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Top Ten Salad Greens to Grow at Home

By Toni Salter
March 27, 2012
File under: Gardening, Greens, Salads

Throw out the iceberg lettuce and bring on the Asian Greens and Rainbow Chard for a tasty change to your usual salad.

Salads don’t have to be boring.  With the range of flavors, textures, shapes and colors of salad greens that you can grow at home, you can be enjoying your own delicious salad picked fresh from your garden, every day of the week.

Salad greens can be grown anywhere, in a pot, in the veggie patch or even in a community garden.  All you need is a little bit of sun and a little bit of space and you can grow your own salad in just 6 short weeks.

Just like a good wine or herbal tea, a salad needs to be balanced in flavor to make it a complete taste sensation.  Flavor suites include sweet, spicy, savory, anise and lemon.

A combination of leaves or flowers from each of these flavor suites makes a very enjoyable summer dish.  Just a drizzle of olive oil and lemon juice is all you need to add.

When growing salad greens, start with seedlings, that way the plants are already off to a good start and you’ll be picking leaves sooner.  Plant them in pots filled with good quality organic potting mix suitable for herbs and vegetables.

The proper mix will provide the necessary nutrients and if growing them in the ground enrich the soil with compost and green manure beforehand to give the plants plenty of nitrogen.

Salad greens are hungry and thirsty,  so grow them in an area that gets morning sun or even dappled light throughout the day.  Hot afternoon sun can make the plants wilt and lose vigor.  A good supply of moisture is more important than the amount of sun for these plants to thrive.

Toni’s Top Ten Easy Salad Greens

  1. Loose leaf lettuce: oak leaf, ruffled, red tipped
    Sweet tasting lettuce leaves in a variety of shapes – Grow green or red varieties for color contrast.

  3. Mizuna
    Asian greens with deeply serrated edges, a beautiful lime green color and a mildly spicy taste.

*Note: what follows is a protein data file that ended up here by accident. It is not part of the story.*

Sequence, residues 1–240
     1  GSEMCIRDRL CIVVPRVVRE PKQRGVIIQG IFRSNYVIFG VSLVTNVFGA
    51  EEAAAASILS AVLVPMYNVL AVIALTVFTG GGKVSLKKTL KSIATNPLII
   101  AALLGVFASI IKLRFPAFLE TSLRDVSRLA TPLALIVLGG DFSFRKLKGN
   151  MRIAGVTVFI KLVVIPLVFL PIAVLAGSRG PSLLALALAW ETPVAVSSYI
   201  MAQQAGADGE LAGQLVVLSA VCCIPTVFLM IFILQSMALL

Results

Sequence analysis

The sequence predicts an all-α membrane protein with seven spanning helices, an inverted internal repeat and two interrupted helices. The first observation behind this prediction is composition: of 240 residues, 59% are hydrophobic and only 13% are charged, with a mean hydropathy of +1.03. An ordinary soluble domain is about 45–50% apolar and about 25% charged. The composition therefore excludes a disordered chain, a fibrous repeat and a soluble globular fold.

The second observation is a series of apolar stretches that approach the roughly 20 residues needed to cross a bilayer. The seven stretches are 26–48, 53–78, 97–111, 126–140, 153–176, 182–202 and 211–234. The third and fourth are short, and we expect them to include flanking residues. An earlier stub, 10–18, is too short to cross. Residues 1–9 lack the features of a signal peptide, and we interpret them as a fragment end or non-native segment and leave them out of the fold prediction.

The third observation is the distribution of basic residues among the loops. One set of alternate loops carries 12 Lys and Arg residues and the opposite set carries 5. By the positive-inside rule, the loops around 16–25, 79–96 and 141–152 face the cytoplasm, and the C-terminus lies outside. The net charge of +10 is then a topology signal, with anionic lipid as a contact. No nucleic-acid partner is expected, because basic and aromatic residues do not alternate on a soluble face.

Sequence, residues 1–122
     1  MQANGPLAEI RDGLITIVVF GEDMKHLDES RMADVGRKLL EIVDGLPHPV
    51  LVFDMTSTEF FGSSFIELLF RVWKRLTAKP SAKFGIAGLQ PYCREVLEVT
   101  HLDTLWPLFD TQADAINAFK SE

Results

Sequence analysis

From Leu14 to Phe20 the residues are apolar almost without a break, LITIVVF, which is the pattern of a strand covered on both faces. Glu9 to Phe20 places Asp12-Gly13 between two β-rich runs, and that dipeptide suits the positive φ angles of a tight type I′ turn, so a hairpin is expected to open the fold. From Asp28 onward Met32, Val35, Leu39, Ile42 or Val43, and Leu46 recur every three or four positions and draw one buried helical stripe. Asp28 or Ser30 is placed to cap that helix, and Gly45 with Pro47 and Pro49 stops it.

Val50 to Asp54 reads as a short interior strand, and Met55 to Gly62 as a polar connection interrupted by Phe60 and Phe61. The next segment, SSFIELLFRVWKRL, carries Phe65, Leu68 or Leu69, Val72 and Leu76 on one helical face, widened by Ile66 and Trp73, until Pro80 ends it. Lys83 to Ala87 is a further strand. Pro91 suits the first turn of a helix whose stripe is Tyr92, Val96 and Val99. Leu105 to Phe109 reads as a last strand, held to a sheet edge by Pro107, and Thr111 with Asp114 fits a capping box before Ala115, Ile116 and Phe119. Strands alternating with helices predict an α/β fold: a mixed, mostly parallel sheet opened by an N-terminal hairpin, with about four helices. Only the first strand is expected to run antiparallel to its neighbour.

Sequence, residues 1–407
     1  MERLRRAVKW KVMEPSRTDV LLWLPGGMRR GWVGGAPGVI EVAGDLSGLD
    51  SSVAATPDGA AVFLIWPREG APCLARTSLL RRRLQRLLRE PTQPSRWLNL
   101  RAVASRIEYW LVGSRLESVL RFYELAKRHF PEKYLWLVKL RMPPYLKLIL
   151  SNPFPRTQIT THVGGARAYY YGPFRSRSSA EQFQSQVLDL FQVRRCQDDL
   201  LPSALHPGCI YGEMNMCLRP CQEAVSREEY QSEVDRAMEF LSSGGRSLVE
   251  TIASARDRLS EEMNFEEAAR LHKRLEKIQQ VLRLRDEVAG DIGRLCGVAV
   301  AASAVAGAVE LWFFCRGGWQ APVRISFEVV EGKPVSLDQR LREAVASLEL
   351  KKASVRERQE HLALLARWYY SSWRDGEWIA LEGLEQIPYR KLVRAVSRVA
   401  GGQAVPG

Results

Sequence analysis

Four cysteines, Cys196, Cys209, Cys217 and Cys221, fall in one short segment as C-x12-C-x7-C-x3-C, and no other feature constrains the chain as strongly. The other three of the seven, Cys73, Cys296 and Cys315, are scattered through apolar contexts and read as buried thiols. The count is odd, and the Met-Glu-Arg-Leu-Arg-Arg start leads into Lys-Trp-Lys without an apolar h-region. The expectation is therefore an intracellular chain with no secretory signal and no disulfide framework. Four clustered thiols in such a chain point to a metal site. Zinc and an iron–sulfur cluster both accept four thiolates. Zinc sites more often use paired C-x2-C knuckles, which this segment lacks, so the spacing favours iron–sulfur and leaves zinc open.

5. Mibuna
    There is little difference in taste between Mibuna and Mizuna.  The main difference is in the color and shape.  Mibuna has lovely dark green leaves, with a long tapered shape that botanists call oblanceolate.

  7. Tatsoi
    An Asian green a bit milder than others, Tatsoi has dainty dark green round leaves.  The darker green the leaves are, the higher the antioxidants.

  9. Radicchio
    Radicchio is a type of chicory that should be added sparingly, as it is one of the bitter greens and may be an acquired taste. The crisp texture and strong red color is a nice contrast among other leaves.

  11. Rainbow Chard
    Chard is an old fashioned favorite for many savory dishes, but a new rainbow mix has plants with different color stems.  This variety comes with red, yellow, pale green or white stems.  Pick these leaves while they are still young and small for a more delicate flavor.

  13. Chervil
    Chervil is a delicate herb with small feathery light green leaves with an anise flavor that makes a great addition to the salad mix.

  15. Arugula/Rocket
    Add some spice to your salad with arugula leaves.  Choose from thin leaves of a wild variety that self seeds readily throughout the garden or the larger leaves of the regular variety.

  17. Nasturtium
    The round shield shaped leaves of nasturtium are often nostalgic of old fashioned gardens, but the leaves and flowers are both delightfully spicy.

  19. Sorrel
    The leaves from the perennial plant known as French sorrel provide  tangy lemony accents to your salad mix.

Toni Salter, ‘The Veggie Lady’, is an Australian registered horticulturist living in Sydney. Follow Toni on Twitter and ‘Like’ her on Facebook


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